Believe it or not, junk drawers can be transformed from junky spaces to organized places with organizer inserts or small containers to hold the different categories of things you choose to keep in that drawer. You can even find those containers around the house, if you have some small boxes set aside for gift giving. Both lids and boxes can be used.

Be sure to limit the contents of each container to one category. For example, one container might hold batteries, another would hold pens and pencils, and a third would hold miscellaneous tools. Don’t mix items within a container or you’ll transform your neatly organized drawer of miscellaneous small items back into a junk drawer.

And, why not call your newly organized drawer of miscellaneous small items something fun like the Picasso drawer or the Discovery drawer? You decide! If you want to be successful in maintaining a really useful storage space for miscellaneous small things in your kitchen, let go of the “junk drawer” label. You’ll be glad you did the next time you are able to quickly find that miscellaneous piece of plastic that turns out to be the battery cover for the back of your TV remote!

The “Junk” Drawer: The Mini-Attic in the Kitchen

Don’t know what to do with curtains you removed from a child’s bedroom,
stick it in the attic! Don’t know what to do with miscellaneous pieces of plastic that might be important for some reason, stick it in the junk drawer! Is it any wonder most people cringe not only when attics are mentioned, but also when junk drawers become the subject of conversation! It’s the “I don’t know what to do with it” place for small items, often located in the kitchen.

What I don’t understand is how that drawer of miscellaneous items got its name. Often most of the things in a junk drawer are not junk. They are useful items: screw drivers and other small tools, pencils, pens, batteries, sewing kits, screws, nails, nail files, gum, rubber bands. . . I’ll bet junk drawers were so named because their contents were a jumble and looked junky!

I object to using the adjective “junk” to describe any storage area in a house because using “junk” to describe a space gives it permission to be junky. I once had a client who had a junk room! Can you imagine giving over one whole room in a house to junk?! Needless to say, that room is now a small study, not a junk room!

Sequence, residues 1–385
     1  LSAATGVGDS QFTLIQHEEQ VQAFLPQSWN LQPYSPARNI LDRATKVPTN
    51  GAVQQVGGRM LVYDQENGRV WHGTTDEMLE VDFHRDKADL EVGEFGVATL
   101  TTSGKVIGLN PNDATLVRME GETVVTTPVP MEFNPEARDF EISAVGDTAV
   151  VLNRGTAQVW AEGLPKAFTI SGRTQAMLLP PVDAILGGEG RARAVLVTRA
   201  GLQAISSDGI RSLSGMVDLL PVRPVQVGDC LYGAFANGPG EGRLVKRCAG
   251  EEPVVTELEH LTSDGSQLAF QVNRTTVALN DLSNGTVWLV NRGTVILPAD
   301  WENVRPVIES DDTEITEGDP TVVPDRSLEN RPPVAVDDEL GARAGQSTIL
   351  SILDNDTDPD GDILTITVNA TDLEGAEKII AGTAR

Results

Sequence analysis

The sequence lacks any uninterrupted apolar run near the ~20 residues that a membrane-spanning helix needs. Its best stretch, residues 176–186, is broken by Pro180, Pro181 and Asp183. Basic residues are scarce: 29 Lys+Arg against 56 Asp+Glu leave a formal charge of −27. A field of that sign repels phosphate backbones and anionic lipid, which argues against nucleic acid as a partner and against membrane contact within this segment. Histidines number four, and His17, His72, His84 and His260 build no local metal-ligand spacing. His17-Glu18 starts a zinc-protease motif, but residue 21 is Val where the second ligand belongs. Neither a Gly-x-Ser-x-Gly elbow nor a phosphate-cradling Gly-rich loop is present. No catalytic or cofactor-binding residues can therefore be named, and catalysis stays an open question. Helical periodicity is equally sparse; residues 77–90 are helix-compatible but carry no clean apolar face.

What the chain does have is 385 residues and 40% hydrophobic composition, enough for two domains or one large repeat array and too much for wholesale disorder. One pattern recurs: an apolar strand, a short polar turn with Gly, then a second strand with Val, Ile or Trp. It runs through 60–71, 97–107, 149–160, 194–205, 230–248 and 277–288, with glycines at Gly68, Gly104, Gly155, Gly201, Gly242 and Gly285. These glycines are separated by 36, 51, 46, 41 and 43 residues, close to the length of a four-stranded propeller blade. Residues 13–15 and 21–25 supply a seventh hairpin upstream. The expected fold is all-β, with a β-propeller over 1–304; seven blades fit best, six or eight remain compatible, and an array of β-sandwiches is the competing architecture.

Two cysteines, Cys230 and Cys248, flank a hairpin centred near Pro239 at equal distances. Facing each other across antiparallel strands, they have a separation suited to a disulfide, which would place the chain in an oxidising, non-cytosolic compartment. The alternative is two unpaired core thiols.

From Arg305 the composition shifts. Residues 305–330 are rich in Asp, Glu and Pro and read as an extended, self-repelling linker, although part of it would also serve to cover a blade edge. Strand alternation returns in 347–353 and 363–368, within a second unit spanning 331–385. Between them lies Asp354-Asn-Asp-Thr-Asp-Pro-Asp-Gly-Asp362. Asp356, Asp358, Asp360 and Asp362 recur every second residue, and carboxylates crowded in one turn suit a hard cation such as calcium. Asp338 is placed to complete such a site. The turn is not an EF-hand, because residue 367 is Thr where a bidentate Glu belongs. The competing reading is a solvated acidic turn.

Believe it or not, junk drawers can be transformed from junky spaces to organized places with small containers to hold the different categories of things you choose to keep in that drawer. You can even find those containers around the house, if you have some small boxes set aside for gift giving. Both lids and boxes can be used. 

Be sure to limit the contents of each container to one category. For example,markers-433177_640 one container might hold batteries, another would hold pens and pencils, and a third would hold miscellaneous tools. Don’t mix items within a container or you’ll transform your neatly organized drawer of miscellaneous small items back into a junk drawer. 

Though you can find all kinds of miscellaneous items in junk drawers, common categories for containers might include: pens and pencils, paperclips, rubber bands, office tools like a stable remover, hole punch, stapler, regular tools like screwdrivers and hammers, post-it notes,  and batteries.

And, why not call your newly organized drawer of miscellaneous small items something fun like the Picasso drawer or the Discovery drawer? You decide!

Remember, if you want to be successful in maintaining a really useful storage space for miscellaneous small things, let go of the “junk drawer” label. You’ll be glad you did the next time you are able to quickly find that miscellaneous piece of plastic to put on the back of your TV remote!

Clear Clutter and Create an Attic You Love

I can imagine that many of your are thinking, “Love my attic. Are you kidding?” What2008 Photos 003 would it take for you to love your attic? Attics are not places that we think about loving. They are storage spaces, not areas where you hang out. But, imagine going into your attic without a sense of dread. Imagine actually looking forward to entering your attic. What would that attic look like? How would it feel?

Here are some of my ideas for having an attic that you love:

  • It has been cleared of all things that you no longer love or use and gets cleared at least once a year.
  • It is well organized so you can find things easily.
  • It has space to move around–not packed to the gills!
  • The floors have been swept or vacuumed to remove dust and grime.
  • The things you use most often are conveniently located for easy access.
  • Everything in the space is in good condition and in good working order.
  • Everything in the space has a purpose.
  • It has good lighting.
An attic you can love.

An attic you can love.